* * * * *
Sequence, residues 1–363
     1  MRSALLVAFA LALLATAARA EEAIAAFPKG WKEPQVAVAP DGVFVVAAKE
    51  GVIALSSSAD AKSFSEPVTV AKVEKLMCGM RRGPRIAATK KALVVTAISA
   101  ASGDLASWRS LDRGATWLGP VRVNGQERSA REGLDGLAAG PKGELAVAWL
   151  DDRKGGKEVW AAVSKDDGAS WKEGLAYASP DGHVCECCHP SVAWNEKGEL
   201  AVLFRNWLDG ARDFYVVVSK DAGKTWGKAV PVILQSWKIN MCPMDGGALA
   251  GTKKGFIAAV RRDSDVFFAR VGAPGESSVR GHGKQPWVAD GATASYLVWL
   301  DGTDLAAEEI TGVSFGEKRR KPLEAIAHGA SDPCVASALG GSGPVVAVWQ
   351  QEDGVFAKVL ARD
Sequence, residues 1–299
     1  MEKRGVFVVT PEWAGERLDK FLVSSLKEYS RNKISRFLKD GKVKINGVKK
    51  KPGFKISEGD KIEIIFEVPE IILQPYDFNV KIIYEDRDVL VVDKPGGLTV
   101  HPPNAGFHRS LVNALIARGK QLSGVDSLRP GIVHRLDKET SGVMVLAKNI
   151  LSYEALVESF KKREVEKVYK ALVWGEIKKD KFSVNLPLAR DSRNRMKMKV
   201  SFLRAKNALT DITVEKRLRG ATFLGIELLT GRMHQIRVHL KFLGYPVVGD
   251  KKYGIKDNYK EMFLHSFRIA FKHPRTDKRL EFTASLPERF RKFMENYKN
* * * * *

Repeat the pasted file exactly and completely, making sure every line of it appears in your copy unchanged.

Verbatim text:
Sequence, residues 1–363
     1  MRSALLVAFA LALLATAARA EEAIAAFPKG WKEPQVAVAP DGVFVVAAKE
    51  GVIALSSSAD AKSFSEPVTV AKVEKLMCGM RRGPRIAATK KALVVTAISA
   101  ASGDLASWRS LDRGATWLGP VRVNGQERSA REGLDGLAAG PKGELAVAWL
   151  DDRKGGKEVW AAVSKDDGAS WKEGLAYASP DGHVCECCHP SVAWNEKGEL
   201  AVLFRNWLDG ARDFYVVVSK DAGKTWGKAV PVILQSWKIN MCPMDGGALA
   251  GTKKGFIAAV RRDSDVFFAR VGAPGESSVR GHGKQPWVAD GATASYLVWL
   301  DGTDLAAEEI TGVSFGEKRR KPLEAIAHGA SDPCVASALG GSGPVVAVWQ
   351  QEDGVFAKVL ARD
Sequence, residues 1–299
     1  MEKRGVFVVT PEWAGERLDK FLVSSLKEYS RNKISRFLKD GKVKINGVKK
    51  KPGFKISEGD KIEIIFEVPE IILQPYDFNV KIIYEDRDVL VVDKPGGLTV
   101  HPPNAGFHRS LVNALIARGK QLSGVDSLRP GIVHRLDKET SGVMVLAKNI
   151  LSYEALVESF KKREVEKVYK ALVWGEIKKD KFSVNLPLAR DSRNRMKMKV
   201  SFLRAKNALT DITVEKRLRG ATFLGIELLT GRMHQIRVHL KFLGYPVVGD
   251  KKYGIKDNYK EMFLHSFRIA FKHPRTDKRL EFTASLPERF RKFMENYKN